The author discusses the evidence for six basic statements that many, but not all, psychotherapy researchers adhere to: (1) The therapeutic alliance has a causal role in outcome, (2) therapeutic techniques explain patients' outcome, (3) therapists determine outcome, (4) patients determine therapy outcome, (5) randomized controlled trials (RCTs) provide valuable data, (6) data from RCTs are almost worthless. These "truths" combine to form three core conflicts: Is psychotherapy about the alliance or techniques? Does the patient or therapist determine the outcome? Are RCTs a blessing or a curse? After showing that these statements oversimplify the research of the therapeutic process, the author recommends keeping both sides of the conflict in awareness and endorses a pluralistic methodological approach for the study of both efficacy and the mechanisms of psychotherapy.
You can download for free at http://www.tandfonline.com/toc/tpsr20/19/1#.UrspKfRDt8E
"Another reason for challenging the assumption that therapists' reported alliance predicts outcome is the possibility of reverse causation. Some researchers have argued that the quality of the alliance may be the result of preceding symptomatic change, and that it is early symptomatic improvement that accounts for the alliance-outcome association (e.g., Barber, 2009; DeRubeis, Brotman , & Gibbons, 2005; DeRubeis & Feeley, 1990). Several studies have examined the temporal relationship between patient-reported alliance and outcome (Falkenström et al., 2013; Zilcha-Mano, Dinger, McCarthy, & Barber, 2014; Zilcha-Mano & Errázuriz, in press), but almost nothing is known about the temporal relationship between therapist-reported alliance and outcome. "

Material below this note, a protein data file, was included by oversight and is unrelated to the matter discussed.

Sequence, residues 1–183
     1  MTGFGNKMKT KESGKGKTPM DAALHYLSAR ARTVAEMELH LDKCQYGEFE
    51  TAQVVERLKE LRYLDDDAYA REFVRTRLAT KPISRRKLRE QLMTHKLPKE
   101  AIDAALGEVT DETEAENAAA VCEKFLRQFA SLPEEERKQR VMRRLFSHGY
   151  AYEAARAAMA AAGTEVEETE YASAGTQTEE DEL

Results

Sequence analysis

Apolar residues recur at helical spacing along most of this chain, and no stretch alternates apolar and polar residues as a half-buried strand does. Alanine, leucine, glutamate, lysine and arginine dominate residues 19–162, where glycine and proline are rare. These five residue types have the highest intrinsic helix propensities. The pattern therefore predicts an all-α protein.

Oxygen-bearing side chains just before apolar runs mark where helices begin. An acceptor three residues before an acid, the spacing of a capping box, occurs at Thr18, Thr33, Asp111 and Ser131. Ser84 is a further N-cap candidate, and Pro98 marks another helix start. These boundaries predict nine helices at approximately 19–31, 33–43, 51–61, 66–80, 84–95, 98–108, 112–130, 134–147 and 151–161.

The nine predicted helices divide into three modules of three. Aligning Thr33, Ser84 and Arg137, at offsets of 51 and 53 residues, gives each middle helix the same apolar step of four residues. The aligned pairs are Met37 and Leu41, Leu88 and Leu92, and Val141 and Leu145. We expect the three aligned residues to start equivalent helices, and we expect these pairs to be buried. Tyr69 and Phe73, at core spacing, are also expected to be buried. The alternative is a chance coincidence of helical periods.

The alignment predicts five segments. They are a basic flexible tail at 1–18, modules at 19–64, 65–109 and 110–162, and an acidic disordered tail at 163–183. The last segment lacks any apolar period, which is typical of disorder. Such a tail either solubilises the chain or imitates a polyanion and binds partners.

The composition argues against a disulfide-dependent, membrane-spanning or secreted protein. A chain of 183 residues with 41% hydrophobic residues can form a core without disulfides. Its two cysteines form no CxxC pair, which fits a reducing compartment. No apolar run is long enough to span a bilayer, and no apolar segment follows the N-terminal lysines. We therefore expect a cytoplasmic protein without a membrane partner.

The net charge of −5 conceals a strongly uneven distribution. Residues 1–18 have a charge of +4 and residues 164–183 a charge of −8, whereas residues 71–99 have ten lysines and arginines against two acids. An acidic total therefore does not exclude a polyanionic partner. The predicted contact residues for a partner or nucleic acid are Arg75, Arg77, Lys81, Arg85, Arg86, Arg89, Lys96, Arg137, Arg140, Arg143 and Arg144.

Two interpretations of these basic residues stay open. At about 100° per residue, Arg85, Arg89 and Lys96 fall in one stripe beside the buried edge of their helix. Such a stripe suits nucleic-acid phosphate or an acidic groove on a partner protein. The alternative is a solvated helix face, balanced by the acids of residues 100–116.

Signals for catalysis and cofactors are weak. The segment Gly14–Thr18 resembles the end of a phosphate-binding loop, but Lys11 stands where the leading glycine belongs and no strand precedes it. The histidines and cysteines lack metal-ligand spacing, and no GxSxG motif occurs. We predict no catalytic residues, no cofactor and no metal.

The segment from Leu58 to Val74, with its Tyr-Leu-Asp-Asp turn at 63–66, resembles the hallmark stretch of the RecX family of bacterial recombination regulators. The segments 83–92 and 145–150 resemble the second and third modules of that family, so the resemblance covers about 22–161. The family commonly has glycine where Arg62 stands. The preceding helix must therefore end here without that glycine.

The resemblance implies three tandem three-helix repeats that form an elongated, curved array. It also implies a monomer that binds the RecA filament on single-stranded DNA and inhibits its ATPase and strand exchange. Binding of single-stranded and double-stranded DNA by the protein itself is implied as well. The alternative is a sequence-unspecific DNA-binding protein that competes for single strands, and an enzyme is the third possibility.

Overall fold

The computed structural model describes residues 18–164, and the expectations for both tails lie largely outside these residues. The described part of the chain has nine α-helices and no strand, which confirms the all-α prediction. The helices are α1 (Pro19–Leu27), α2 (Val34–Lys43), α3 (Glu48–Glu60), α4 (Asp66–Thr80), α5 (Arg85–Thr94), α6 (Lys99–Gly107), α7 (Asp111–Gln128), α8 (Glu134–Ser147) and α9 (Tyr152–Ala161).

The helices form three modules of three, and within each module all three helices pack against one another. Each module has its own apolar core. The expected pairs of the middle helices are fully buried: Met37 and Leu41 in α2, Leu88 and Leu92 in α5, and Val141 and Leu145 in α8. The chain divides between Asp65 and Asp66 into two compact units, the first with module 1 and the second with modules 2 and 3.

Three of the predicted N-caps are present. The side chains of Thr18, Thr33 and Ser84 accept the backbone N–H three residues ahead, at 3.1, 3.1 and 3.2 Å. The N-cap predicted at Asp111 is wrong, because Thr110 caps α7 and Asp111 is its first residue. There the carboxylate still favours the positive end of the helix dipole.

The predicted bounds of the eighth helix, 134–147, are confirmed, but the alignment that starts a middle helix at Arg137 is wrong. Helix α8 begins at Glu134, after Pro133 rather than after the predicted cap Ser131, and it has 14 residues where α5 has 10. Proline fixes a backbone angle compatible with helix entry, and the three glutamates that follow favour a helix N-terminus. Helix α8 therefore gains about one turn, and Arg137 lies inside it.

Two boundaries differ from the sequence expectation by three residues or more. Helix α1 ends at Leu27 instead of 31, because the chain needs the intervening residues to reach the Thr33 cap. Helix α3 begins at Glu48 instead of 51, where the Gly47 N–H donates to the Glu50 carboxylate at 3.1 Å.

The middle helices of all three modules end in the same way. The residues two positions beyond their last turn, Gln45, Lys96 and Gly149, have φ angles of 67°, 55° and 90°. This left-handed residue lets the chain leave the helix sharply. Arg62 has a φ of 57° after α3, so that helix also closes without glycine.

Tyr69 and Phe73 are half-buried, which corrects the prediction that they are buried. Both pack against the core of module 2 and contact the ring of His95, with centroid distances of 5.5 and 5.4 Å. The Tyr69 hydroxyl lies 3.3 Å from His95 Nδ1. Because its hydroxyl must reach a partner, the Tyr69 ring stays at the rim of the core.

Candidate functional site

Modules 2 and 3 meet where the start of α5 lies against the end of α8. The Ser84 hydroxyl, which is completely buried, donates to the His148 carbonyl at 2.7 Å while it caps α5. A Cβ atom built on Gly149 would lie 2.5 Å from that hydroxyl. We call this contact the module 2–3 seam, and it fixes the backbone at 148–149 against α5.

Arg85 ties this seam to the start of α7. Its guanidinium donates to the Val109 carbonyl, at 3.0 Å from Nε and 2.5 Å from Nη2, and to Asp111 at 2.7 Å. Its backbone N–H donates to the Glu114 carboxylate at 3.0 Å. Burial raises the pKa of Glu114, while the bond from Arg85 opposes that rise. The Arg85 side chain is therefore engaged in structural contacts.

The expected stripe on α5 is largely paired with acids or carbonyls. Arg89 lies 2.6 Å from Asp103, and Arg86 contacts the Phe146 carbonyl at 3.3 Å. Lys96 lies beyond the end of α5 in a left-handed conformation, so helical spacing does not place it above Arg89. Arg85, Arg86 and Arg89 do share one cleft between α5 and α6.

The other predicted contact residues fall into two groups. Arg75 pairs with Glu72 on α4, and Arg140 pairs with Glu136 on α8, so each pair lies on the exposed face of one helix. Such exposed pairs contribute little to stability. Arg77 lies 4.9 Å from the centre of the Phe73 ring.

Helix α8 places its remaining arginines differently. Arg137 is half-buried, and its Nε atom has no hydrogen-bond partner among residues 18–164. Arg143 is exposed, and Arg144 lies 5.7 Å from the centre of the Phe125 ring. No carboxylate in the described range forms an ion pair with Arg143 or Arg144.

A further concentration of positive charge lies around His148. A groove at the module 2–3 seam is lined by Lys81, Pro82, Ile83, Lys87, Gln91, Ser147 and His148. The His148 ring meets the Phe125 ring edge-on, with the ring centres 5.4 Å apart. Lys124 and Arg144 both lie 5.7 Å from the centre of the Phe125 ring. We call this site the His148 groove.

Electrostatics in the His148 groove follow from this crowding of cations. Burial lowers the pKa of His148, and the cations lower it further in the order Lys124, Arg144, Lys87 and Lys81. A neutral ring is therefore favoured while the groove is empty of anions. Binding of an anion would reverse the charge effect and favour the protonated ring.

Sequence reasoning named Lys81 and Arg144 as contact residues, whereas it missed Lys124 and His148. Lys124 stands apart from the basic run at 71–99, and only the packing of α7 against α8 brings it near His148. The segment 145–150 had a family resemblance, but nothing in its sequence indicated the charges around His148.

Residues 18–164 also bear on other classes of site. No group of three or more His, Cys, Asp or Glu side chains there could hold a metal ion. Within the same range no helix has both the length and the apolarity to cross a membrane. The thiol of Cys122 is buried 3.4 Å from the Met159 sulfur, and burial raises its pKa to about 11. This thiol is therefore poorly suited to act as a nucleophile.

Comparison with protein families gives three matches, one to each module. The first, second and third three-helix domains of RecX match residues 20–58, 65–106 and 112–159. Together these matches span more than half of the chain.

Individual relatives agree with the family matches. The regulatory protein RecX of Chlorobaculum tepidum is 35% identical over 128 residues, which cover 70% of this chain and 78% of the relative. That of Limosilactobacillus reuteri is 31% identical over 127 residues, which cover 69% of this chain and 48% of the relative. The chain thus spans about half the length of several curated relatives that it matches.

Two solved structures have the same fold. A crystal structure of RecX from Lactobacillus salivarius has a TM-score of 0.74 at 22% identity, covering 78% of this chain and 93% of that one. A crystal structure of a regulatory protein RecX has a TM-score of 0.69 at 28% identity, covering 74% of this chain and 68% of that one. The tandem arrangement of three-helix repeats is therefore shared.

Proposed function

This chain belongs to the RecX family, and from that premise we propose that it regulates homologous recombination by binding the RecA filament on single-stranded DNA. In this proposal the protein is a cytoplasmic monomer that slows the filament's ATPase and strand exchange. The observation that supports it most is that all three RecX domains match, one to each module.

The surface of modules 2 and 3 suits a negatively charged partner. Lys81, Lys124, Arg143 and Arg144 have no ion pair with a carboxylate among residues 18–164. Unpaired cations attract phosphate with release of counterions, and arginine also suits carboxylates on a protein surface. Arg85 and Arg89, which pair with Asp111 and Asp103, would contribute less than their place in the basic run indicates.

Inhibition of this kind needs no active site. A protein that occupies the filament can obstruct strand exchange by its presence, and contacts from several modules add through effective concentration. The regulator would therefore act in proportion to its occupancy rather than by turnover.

[Show abstract][Hide abstract] ABSTRACT: Most of the literature on the alliance-outcome association is based exclusively on differences between patient reports on alliance. Much less is known about the unique contribution of the therapist's report to this association across treatment, that is, the association between therapist-reported alliance and outcome over the course of treatment, after controlling for the patient's contribution. The present study is the first to examine the unique contribution of the therapist-reported alliance to outcome, accounting for reverse causation (symptomatic levels predicting alliance), at several time points in the course of treatment. Of 156 patients randomized to dynamic supportive-expressive psychotherapy, antidepressant medication with clinical management, and placebo with clinical management, 149 were included in the present study. Alliance was assessed from the perspective of both the patient and the therapist. Outcome measures included the patients' self-reported and diagnostician-rated depressive symptoms. Overall, the findings demonstrate that the therapists' contribution to the alliance-outcome association was explained mainly by prior symptomatic levels. However, when a time lag of several sessions was introduced between alliance and symptoms, a positive association emerged between alliance at 1 time point and symptomatic distress assessed several sessions later in the treatment, controlling for previous symptomatic level. The findings were similar whether or not we controlled for the patient's perspective on the alliance. Taken together, the findings attest to the importance of improving therapists' ability to detect deterioration in the alliance. (PsycINFO Database Record